LEP: The Bus Ride

This column first appeared in the Lancashire Evening Post.


It is Tuesday and I am on a bus that smells like wee. Because that’s what people do on Tuesdays, they wee on busses.

I let the old lady on first as we board and make an effort to be overly nice to the driver while paying.

“Have a great day,” I said and he looked a little alarmed, like great days are things that happen to other people.

I shuffle up the bus and grab a ‘Metro’ newspaper on my way past.

“It’s just Brexit and bloody Donald Trump” croaked an old man, sat in those seats by the newspapers with the excessive legroom. Every bus has one of these guys.

I picked my seat carefully. Left hand side, middle of the row – by the window. Unassuming. Just out of shot of the croaky old man but with a perfect view of the road, ready to make my move once my stop comes into view; just after we pull onto the high street, not a moment before and not a moment later. Two teenage boys played videos out loud on their phone and giggled at their in-jokes about Jason’s Mum and what Darren said to Stacey at the weekend.

We roared away from the bus stop, driver wondering if he could in fact have a great day and the smell of urine exaggerated by the warmth of the engine. I settle in my seat and flick open my ‘Metro’ to ‘Brexit Shambles’ and ‘Trump Tweet Offends Australia’.

This is textbook.

DING’ went the bell and the ‘STOPPING’ sign lights above the driver. A woman maneuvers to her feet and steadies herself – uniform under a coat with her hood already up and headphone in. Off to work? Nurse? Carer?

Then, ‘DING’. People have never trusted the bell unless they press it themselves. A middle-aged man with a mono-brow and an oversized coat – three seats ahead on the right hand side. But wait, he hasn’t stood up. The bus stops and the woman slinks off. The man is still here as we pull away. Strange. He must have misjudged. Gone too early. It happens. We’ve all been there.

‘DING’ and up pops a man in a suit. Not a natural bus traveller, unsure of his surroundings and hesitant at best. Then, ‘DING’. Mono-brow again. Rooted to his seat. No intention of alighting. Then again as a Chinese lady and a woman with a pram shove their way past and off at their stops.

This is new. This is not in keeping with the rich tradition of riding a bus. Who is this joker abusing the rules of the stop button? Taunting us with incessant pressing.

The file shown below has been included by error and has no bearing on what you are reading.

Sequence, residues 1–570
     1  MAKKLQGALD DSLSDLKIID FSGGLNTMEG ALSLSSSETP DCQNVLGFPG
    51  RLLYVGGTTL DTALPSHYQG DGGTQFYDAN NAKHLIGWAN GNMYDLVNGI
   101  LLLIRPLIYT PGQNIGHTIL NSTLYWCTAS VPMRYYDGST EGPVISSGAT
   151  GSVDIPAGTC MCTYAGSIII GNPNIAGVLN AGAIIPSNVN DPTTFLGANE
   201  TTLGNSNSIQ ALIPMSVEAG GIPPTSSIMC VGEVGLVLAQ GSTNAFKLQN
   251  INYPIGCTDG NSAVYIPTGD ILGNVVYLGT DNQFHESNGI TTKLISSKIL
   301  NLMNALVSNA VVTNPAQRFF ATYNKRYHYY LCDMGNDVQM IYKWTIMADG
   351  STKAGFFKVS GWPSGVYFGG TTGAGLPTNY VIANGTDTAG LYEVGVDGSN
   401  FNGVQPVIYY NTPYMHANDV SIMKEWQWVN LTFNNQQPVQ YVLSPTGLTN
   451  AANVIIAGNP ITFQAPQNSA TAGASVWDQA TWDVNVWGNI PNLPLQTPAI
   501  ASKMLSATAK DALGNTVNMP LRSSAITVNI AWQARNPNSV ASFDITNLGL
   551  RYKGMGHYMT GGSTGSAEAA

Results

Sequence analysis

What if this is a new initiative from the bus company? Ensuring the driver knows without doubt that somebody wants to get off. Maybe a bus company executive has given a presentation in warm boardroom to some wealthy people in suits with bad breath, concerned at the startling number of stops that are missed in the name of bad stop button use. And now they have employed this man to ride round and round in an oversized coat, double pressing the stop button. Maybe they have trained him? He is privileged with knowing the exact sweet spot of the button, the precise angle at which to attack and ensure maximum ‘DING’ and perfect illuminated sign.

Well, it’s irritating and confusing. I can’t focus on pretending to know what is happening with Brexit and the constant double ‘DING’ is ringing around my head. What did I do to deserve this? I let the old lady on first and was overly nice to the driver. I have done everything right.

I glance out the window as the mist of my confusion lifts. Wait – Pound Kingdom, Burger Bar, the Bingo hall and Nationwide – the high street! We have turned. We have turned and I have missed it. Damn this man. He has distracted me and now I…

‘DING’ – and then the light. Driver glances in the mirror and pulls in. My stop. Just after we pull onto the high street. Mono-brow still rooted to the spot, his oversized coat grazing the seat as his hand comes down from the bell.

I nod to him as I mope past and he gives a knowing smile.

I will never know this mans story, or who convinced him that coat was a good idea. But today he is my saviour.

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By Darryl Morris

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